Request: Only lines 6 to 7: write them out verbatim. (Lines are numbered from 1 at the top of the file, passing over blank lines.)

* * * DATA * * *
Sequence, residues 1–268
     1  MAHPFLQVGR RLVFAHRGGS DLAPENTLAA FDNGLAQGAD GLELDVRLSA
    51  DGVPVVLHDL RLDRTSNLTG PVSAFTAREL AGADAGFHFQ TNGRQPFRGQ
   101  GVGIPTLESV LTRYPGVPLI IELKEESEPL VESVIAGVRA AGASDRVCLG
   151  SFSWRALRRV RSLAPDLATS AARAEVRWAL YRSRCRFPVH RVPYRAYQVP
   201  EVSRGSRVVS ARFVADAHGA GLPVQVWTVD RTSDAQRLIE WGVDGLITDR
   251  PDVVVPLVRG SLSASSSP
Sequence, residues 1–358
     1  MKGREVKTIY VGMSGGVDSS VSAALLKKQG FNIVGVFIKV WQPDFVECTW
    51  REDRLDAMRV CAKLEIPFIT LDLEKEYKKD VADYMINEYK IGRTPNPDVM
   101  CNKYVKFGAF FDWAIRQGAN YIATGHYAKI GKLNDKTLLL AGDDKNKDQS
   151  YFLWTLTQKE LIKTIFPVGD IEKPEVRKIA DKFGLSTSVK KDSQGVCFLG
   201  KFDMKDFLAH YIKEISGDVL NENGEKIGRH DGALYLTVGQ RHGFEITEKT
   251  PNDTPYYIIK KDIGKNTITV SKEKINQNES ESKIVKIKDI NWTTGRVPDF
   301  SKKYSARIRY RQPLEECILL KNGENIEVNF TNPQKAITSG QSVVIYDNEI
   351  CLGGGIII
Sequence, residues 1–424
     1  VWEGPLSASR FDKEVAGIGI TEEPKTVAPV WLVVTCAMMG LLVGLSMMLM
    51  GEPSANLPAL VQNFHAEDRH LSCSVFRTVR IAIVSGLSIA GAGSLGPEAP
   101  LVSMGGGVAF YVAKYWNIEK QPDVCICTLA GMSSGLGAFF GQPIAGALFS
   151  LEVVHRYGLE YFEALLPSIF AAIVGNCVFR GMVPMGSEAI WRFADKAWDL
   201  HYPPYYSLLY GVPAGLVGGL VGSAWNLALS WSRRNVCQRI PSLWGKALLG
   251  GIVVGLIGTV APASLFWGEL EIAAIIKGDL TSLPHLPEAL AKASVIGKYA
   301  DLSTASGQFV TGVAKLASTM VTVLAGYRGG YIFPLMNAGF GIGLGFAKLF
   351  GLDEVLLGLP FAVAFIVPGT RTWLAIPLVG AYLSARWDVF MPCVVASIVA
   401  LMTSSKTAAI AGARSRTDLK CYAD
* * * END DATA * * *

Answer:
   201  EVSRGSRVVS ARFVADAHGA GLPVQVWTVD RTSDAQRLIE WGVDGLITDR
   251  PDVVVPLVRG SLSASSSP